By S. Pajot
By Tim Elfrink
By Tim Elfrink
By Kyle Munzenrieder
By Tim Elfrink
By Michael E. Miller
By Kyle Munzenrieder
By Kyle Munzenrieder
Aside from the usual jaunts down the humiliation highway, the pointless theatrics and endless hook-up requests to dark world, the onerousness of being considered a combination of Michael Aller, Fredo Corleone, the social director on the Love Boat, and a dumbed-down Samuel Pepys, and the cruel dichotomy of living in the gutter while reaching for the stars of society -- most of whom crave slumming tours of nightclubs -- it's been quite a week. I even managed to get out of Miami, the never-ending holiday from hell and hunger, and took some comfort at the ad hoc Lourdes of publishing, the 1995 American Magazine Conference at the Boca Raton Hotel and Club, three days that sort of shook the world.
In step with the new age of information abundance, the convention's speakers ranged wildly across the cultural spectrum. Being a huge, if nauseating, name, Newt Gingrich beamed in his speech via satellite, but Sen. Bill Bradley and author Gail Sheehy made personal appearances, along with Dr. William J. Bennett, the former politician who's making a killing on the morality beat with The Book of Virtues, and Tina Brown, now straddling the Olympus of The New Yorker. Mutual interest festivals always bring out the better classes of people.
But save for the Newt, no one was as big on the conference pecking order as the DreamWorks SKG studio heads, the triumvirate of Steven Spielberg, Jeffrey Katzenberg, and David Geffen, making a very rare public appearance together. The back-scratching frolic was arranged by Susan Lyne of Premiere magazine, with the "Making DreamWorks a Reality" panel moderated by ABC News political and media analyst Jeff Greenfield. Although I missed the presentation, a helpful someone did send down a tape, and it's juicy stuff indeed.
To set a light, just-us-guys tone, Greenfield introduced the panel as exploring the "myth of Jewish influence in the media." Spielberg, the man with a true grip, working on some sixteen movies in development, with several projects scheduled for release in 1996: "We're making both some small, personal films and larger-scale movies, reflective of our commitment to social values A I wouldn't make Kids or Showgirls, for instance. You have to feel good about the way you make money. And after 46 movies, DreamWorks gives me an opportunity to own the real estate; I've always rented before."
From there the team addressed lame questions about possibly producing magazines A why bother when you already rule? A and daytime talk shows of an elevating nature. Geffen stepped in with record-industry matters, boutique-studio procedures, and name hurling: "My good friend Calvin Klein told me some advice that he got from a 'garmento' A his word A when Calvin was just starting out: 'Volume has killed more Jews than cancer.'" Although somewhat less convincing as a moral force than his colleagues, Geffen also addressed the family-values question: "We're not going to be producing negative music, material that glamorizes drugs or advocates hurting people, like gangsta rap. When I was down in Barbados on vacation, one of the shows did something on Charles Manson, sitting there with a swastika between his eyes, and they brought in the fact that Guns N' Roses, one of our bands, had recorded a song written by Manson, which was actually harmless enough. Of course they showed the Geffen Records headquarters on-camera, and all I could think about was Roman Polanski calling me. I was so embarrassed I had my name taken off the building."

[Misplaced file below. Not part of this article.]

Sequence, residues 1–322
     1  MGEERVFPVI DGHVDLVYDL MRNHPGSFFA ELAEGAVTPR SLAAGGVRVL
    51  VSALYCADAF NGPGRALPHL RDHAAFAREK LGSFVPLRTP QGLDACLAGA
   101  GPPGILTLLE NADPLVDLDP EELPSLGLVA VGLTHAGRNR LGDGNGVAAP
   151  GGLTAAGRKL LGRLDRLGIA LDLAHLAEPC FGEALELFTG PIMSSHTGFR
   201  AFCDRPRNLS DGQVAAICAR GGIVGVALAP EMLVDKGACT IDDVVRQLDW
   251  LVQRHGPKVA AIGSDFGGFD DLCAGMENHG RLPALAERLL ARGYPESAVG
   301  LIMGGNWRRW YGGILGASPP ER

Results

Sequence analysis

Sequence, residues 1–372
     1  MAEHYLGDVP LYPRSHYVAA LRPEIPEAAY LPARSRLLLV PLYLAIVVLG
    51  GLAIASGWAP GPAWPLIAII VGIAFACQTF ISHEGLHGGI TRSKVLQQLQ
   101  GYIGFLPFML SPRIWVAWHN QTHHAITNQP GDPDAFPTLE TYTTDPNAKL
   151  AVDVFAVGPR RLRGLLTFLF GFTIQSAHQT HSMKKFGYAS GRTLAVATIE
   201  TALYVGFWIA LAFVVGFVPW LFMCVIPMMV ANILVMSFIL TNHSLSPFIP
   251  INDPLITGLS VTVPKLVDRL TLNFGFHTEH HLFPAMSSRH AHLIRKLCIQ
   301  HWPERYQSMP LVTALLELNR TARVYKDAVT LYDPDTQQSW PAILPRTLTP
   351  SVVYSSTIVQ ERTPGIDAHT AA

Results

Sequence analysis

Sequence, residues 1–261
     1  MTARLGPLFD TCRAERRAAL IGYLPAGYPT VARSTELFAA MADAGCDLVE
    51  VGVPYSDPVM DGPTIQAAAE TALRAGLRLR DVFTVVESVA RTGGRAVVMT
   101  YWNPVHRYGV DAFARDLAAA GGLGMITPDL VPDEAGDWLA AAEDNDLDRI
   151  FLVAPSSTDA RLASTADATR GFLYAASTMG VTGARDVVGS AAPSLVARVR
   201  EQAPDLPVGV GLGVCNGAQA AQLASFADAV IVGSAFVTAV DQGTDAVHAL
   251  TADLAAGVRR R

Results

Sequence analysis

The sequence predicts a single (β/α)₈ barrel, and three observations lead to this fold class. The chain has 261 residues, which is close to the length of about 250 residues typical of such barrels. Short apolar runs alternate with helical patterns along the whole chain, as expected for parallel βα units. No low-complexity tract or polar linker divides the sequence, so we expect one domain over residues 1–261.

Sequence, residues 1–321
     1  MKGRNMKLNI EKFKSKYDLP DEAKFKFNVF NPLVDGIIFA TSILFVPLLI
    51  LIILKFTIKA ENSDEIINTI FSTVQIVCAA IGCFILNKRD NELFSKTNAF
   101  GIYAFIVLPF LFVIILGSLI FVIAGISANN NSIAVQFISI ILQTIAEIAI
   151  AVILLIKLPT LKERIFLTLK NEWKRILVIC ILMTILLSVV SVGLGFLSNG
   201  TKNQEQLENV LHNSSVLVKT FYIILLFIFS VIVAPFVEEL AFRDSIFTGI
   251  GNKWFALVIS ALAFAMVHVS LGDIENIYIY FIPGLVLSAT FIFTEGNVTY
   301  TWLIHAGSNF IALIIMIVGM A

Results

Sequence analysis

At that point the topic switched from Geffen's good name to his good money, Katzenberg making a joke about being in the will and Geffen lobbing out more show-biz lore: "Paddy Chayevsky, who was Bob Fosse's best friend, visited Fosse after his massive heart attack and asked the same thing. When Fosse told him he wasn't in the will, Chayevsky said, 'Fuck you, live then.'" From there the questions-from-the-audience segment, a witness to the feast asking what the DreamWorks boys considered the worst aspects of journalism. Katzenberg went jokey: "You're all perfect -- how that's for sucking up?" Spielberg -- who's probably received more positive publicity than anyone since Abe Lincoln -- worried over fact-checking procedures and the use of anonymous sources, gossip's most sinister tool. Just to be perverse, the entire team jumped in on the matter of magazines being cozy with celebrities: reporters putting up with more from entertainers than from politicians, the deals for magazine covers, and the worrying over agents denying editorial access to their star clients.